All eyes in the newspaper industry are on Seattle, said Julie Moos in Poynter Online. On Tuesday, the Seattle Post-Intelligencer published its final print edition, and on Wednesday it debuted as an online-only product. It will be up to SeattlePI.com to prove that local news websites can succeed where so many newspapers are failing.
"Is the Web the newspaper industry's salvation?" asked Ed Oswald in Technologizer. "Likely not." Shrinking the Post-Intelligencer's newsroom staff from 165 to 20, and cutting out printing and distribution costs can't compensate for the big mistake newspaper executives still make online—they want to charge for information, and their readers expect it to be free.
Seattle, home to Microsoft and Amazon, is the nation's most wired city, said Jack Shafer in Slate, so the new P-I has a shot if it can reflect that "Webified glory." That means updating the homepage "as many times an hour as humanly possible," and making the site alive by letting developers experiment. Following the newsroom chief's vision, which "reads like an advertisement for embalming fluid," will spell certain doom.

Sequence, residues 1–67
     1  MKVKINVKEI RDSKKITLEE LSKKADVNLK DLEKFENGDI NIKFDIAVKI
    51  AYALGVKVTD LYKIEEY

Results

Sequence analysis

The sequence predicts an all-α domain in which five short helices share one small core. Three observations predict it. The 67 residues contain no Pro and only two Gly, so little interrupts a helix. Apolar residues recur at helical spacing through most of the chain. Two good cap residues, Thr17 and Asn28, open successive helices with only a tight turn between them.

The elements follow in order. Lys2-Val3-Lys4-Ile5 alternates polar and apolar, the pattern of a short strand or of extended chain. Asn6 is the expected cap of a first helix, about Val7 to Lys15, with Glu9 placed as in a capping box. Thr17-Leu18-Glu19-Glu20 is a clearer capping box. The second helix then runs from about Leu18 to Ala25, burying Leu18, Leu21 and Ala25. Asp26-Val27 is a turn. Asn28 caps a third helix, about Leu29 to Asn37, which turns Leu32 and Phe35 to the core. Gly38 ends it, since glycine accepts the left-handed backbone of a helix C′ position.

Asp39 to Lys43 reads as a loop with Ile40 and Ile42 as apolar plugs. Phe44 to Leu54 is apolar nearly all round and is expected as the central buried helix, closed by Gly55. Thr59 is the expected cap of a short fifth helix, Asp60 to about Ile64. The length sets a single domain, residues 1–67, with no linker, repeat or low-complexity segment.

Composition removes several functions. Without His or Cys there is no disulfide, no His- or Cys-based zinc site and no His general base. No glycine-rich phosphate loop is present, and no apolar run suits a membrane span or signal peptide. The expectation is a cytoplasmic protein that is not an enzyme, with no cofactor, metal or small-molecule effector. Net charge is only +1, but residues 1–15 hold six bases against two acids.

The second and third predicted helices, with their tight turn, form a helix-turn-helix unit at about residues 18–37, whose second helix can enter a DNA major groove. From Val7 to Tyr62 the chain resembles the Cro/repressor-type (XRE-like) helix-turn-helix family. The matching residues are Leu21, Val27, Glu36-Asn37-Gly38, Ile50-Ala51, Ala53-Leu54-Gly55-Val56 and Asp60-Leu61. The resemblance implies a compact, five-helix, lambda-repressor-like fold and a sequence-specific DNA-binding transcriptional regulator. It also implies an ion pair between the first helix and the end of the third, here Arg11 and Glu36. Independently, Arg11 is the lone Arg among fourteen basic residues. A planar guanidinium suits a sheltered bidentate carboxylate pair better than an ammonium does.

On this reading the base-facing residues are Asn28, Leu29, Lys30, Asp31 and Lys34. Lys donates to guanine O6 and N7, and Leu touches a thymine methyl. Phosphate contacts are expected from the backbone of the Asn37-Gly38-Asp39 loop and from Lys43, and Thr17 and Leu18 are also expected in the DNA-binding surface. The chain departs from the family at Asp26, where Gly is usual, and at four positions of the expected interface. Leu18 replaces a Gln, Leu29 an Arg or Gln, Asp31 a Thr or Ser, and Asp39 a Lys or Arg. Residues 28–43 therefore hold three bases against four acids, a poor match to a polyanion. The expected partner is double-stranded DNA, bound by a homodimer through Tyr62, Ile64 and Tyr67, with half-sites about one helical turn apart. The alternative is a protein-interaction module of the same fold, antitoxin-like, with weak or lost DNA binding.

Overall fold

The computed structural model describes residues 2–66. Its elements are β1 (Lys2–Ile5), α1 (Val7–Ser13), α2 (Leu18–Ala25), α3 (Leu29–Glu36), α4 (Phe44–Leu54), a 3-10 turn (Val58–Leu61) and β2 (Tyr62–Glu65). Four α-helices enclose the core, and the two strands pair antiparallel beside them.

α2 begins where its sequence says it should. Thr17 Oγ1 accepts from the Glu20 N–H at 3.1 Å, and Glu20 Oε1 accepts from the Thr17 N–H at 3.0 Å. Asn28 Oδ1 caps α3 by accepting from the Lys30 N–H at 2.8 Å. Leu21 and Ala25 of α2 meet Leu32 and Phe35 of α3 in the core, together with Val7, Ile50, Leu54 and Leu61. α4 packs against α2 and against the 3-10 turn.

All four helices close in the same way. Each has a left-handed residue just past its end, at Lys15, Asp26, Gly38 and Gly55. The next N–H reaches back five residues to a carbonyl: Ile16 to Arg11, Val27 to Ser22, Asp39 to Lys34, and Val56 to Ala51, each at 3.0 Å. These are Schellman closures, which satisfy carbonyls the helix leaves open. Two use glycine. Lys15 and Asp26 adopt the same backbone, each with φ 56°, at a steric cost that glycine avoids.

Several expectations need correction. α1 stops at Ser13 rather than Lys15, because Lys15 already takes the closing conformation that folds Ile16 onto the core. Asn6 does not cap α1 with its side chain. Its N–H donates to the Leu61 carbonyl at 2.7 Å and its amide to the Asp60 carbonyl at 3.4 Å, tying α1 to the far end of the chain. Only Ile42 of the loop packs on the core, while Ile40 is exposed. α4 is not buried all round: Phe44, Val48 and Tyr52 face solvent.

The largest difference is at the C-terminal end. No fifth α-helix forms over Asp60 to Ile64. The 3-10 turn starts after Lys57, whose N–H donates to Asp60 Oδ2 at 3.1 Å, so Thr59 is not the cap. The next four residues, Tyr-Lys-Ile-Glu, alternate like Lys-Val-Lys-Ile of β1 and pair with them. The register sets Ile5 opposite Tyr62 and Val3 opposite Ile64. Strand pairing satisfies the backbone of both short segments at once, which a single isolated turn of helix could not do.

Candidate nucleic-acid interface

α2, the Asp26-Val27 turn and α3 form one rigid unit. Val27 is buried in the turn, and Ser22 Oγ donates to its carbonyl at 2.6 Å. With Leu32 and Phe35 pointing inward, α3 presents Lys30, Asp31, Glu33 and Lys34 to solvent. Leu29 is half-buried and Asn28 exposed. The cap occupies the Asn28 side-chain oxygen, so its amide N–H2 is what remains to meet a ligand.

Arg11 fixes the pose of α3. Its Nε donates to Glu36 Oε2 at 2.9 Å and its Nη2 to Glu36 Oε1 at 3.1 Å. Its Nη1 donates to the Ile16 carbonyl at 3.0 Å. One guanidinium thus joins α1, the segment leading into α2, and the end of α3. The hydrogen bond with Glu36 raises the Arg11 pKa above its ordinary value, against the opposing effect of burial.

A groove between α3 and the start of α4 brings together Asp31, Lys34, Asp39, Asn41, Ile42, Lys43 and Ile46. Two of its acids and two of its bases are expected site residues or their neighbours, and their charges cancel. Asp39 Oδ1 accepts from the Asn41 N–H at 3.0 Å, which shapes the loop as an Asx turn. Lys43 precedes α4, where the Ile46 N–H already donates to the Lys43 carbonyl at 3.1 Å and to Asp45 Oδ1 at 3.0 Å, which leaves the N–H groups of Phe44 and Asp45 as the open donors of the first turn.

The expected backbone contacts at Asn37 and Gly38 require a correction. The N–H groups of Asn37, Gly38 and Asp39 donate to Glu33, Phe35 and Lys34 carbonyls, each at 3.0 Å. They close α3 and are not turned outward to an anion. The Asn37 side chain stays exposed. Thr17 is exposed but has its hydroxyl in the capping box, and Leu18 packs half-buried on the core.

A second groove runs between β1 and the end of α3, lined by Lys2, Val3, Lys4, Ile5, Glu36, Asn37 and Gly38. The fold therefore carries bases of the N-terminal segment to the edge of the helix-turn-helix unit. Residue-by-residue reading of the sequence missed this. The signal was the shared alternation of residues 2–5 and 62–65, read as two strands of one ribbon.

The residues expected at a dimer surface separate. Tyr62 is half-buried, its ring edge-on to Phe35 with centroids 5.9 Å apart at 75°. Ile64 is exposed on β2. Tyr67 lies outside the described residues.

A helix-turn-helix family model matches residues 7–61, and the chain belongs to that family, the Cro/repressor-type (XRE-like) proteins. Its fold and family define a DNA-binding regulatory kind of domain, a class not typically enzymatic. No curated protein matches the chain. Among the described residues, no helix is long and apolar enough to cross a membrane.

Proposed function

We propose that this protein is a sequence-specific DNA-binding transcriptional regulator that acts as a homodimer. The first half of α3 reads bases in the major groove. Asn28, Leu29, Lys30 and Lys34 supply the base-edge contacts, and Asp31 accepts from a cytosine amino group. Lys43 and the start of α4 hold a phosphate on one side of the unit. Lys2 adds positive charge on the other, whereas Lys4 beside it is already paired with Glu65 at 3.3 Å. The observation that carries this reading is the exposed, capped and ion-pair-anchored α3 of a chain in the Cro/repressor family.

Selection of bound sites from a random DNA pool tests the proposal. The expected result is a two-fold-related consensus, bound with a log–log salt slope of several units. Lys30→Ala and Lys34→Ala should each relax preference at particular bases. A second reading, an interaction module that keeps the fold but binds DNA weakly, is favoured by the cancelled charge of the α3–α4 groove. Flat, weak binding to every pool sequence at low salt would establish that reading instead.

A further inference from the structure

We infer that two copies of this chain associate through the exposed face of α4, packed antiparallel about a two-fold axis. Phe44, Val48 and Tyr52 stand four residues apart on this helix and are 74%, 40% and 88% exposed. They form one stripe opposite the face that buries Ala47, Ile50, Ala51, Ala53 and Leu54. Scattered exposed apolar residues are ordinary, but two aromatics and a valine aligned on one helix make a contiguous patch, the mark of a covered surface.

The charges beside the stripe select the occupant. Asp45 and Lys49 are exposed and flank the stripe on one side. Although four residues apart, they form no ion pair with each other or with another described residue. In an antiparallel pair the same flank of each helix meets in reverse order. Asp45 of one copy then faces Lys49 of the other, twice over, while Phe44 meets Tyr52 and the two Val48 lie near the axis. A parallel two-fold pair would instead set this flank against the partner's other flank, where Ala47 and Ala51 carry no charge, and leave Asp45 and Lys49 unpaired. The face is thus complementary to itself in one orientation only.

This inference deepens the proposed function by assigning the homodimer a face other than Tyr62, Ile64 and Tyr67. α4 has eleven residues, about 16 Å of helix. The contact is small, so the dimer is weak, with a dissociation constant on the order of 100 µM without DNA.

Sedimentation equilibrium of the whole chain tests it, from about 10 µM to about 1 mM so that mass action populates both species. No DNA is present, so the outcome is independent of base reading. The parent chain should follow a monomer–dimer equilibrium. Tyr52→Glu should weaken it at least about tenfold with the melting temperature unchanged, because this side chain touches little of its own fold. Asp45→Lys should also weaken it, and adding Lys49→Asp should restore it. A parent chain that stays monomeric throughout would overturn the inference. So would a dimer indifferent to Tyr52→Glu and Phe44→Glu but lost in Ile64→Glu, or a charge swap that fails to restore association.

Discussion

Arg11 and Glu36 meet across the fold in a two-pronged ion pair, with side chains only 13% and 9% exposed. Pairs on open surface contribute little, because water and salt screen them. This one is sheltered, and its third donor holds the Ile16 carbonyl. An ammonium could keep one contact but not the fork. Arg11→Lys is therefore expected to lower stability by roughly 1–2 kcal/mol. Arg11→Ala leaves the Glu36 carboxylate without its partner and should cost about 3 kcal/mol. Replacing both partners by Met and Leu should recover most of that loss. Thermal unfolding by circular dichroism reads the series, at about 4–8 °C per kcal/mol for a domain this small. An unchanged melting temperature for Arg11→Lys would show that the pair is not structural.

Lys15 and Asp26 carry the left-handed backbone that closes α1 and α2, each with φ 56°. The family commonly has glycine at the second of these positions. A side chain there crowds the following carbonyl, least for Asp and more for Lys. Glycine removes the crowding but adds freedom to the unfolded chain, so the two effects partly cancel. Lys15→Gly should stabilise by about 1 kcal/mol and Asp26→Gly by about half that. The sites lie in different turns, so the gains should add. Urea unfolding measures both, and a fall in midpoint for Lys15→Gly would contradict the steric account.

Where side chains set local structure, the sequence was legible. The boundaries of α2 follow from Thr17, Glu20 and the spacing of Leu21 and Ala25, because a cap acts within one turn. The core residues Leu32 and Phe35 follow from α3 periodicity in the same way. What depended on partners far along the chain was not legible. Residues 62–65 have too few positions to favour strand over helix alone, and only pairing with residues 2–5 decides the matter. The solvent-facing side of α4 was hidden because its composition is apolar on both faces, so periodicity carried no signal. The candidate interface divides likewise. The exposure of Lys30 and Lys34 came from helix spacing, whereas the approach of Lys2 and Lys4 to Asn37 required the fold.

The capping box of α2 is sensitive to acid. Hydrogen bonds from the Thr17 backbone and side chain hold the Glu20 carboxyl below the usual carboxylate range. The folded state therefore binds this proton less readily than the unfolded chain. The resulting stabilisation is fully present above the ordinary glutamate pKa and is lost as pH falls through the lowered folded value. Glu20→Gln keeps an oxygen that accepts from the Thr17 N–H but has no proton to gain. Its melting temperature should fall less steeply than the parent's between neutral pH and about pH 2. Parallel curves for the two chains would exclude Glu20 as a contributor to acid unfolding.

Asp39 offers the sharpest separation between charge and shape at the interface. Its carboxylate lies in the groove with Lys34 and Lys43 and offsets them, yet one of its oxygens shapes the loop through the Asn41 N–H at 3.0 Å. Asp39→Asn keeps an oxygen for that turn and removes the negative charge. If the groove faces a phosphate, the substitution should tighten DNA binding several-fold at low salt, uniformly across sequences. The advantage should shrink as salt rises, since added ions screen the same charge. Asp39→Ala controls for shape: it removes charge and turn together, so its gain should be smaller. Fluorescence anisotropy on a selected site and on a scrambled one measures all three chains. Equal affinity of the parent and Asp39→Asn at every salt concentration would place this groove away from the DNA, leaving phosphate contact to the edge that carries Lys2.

THE WEEK'S AUDIOPHILE PODCASTS: LISTEN SMARTER
- Watch out, China — America is working on dogfighting drones
- How to be the most productive person in your office — and still get home by 5:30 p.m.
- 43 TV shows to watch in 2014
- How liberals are unwittingly paving the way for the legalization of adult incest
- Why the Chinese military is only a paper dragon
- How the Simpsons/Family Guy crossover revealed the worst of both shows
- 6 things the happiest families all have in common
- The troubling persistence of eugenicist thought in modern America
- Why America won't have enough money to battle ISIS
- Libertarianism's terrible, horrible, no good, very bad idea
Subscribe to the Week